Managing passwords secure password management

Unfortunately, the objective of the tool has been misconstrued by consumers and some security pros alike, leaving a false sense of security. Adversaries have used this to their advantage. In 2016, Opera confirmed a breach against Opera sync, its password-saving tool, and other browser vulnerabilities have been widely reported. Further, Asadoorian adds, utilities to unlock browser password vaults can be found and purchased online. They’re the same utilities account holders can use if their browser login information is lost or misplaced. One backdoor in a product leaves the entire product insecure. Yet, many people still use browser password vaults to store the passwords that are meant to protect their accounts.

The vault, itself, is therefore untrustworthy, but there’s another concerning element that is often overlooked, according to Asadoorian: “All websites are run on a browser, and they’re all executing code from who-knows-where. The browser is essentially executing code from every site you visit.” Websites need to execute code to run, and if code is being executed, the possibility of exploiting that code exists. Though browser security has improved over the years, malicious content is abundant. One piece of malware or an infected link/advertisement on the computer of a person who uses browser password storage will allow an attacker the grab the entire password store.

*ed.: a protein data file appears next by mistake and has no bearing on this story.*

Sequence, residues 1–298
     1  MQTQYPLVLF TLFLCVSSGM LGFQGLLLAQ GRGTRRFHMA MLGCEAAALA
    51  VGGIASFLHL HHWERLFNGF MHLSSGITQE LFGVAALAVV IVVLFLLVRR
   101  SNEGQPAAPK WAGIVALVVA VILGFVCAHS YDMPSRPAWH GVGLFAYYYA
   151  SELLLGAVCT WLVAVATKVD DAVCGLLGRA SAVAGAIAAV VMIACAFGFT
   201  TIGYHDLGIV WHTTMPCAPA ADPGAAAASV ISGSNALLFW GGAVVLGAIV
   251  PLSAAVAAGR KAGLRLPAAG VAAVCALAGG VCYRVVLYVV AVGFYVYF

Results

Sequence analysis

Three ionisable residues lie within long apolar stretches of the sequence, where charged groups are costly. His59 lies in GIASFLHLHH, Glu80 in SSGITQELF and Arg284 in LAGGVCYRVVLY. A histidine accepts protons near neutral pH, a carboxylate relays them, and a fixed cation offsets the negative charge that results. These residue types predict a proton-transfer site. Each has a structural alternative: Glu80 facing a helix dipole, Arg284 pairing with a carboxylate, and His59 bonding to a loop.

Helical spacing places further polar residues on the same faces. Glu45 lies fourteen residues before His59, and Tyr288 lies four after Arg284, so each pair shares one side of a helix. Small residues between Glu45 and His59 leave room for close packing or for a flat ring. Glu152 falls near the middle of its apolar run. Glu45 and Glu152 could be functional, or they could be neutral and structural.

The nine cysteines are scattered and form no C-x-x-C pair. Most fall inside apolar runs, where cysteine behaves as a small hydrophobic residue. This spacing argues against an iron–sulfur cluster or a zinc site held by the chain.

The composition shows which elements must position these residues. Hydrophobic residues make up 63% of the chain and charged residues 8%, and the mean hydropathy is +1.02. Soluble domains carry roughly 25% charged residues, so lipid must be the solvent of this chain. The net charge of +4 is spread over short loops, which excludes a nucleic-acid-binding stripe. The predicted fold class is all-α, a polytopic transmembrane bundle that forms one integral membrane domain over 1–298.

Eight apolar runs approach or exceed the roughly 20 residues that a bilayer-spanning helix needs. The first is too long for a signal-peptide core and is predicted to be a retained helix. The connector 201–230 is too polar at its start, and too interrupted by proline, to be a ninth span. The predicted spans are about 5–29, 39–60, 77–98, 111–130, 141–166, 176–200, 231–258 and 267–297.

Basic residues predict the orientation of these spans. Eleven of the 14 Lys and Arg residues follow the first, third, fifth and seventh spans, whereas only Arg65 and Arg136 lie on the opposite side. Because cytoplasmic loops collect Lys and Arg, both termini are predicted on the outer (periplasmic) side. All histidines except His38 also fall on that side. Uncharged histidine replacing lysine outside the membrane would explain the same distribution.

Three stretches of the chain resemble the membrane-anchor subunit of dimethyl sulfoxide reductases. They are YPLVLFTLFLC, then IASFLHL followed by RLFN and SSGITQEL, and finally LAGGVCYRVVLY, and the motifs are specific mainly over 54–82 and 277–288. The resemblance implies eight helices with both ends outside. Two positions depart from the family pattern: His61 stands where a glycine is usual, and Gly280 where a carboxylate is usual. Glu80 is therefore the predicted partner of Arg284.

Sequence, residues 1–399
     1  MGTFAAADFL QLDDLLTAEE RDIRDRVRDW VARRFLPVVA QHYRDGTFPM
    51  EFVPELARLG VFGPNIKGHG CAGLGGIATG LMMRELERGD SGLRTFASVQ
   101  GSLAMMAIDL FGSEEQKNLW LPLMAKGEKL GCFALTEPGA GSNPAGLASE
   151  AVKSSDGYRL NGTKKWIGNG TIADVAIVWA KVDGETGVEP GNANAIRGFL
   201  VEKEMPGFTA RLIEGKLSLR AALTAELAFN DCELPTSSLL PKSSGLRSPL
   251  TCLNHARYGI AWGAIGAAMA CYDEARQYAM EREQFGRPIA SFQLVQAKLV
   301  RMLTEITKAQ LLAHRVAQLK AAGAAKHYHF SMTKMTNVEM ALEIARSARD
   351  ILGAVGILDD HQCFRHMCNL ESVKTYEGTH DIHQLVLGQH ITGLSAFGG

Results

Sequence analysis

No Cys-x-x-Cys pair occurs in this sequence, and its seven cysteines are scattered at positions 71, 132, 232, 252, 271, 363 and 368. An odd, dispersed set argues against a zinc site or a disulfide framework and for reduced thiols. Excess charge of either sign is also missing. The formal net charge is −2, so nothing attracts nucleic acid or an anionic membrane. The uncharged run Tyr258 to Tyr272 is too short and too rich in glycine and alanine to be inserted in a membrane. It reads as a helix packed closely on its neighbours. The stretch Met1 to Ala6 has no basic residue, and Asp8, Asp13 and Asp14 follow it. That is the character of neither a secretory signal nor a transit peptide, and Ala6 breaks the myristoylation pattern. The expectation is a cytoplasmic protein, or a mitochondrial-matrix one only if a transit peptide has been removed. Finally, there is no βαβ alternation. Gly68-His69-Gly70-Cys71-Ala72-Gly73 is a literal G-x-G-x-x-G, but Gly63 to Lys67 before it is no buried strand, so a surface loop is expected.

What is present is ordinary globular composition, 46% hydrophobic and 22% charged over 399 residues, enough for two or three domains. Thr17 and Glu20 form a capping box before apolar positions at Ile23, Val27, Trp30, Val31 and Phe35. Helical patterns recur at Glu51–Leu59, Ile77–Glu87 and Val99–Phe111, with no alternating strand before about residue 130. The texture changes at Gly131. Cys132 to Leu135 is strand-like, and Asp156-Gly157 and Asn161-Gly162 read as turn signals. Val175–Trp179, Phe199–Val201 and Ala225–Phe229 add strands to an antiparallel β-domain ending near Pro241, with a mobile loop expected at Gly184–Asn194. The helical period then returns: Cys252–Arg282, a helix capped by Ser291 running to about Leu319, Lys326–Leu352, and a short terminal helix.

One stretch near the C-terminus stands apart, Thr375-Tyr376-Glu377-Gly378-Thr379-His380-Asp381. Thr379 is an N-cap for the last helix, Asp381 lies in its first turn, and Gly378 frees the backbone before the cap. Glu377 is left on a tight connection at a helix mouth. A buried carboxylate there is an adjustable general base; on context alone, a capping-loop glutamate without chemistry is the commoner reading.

Choose your tool wisely

Asadoorian says that until such time that all sites offer (non-SMS based) two-factor authentication, browser password vaults should not be treated as a security tool. Regrettably, though, security pros might feel that directing users to these vaults is better than having them use (and reuse) “Password1” or “January2018” as account verification. It’s a pick-your-battle situation. However, as most security folks know, there are far better options. Commercial password managers are a great option because most of the big names (LastPass, Dashlane, 1Password, Keeper, etc.) offer free versions that are centered around all device types—meaning users can set up one account that works across their personal computer, work computer, tablet, and mobile phone. Commercial password managers are encrypted and allow the account holder to apply strong passwords and 2FA for every site. For a small fee, users can upgrade to premium packages and receive additional security features like support for physical tokens and multi-factor options.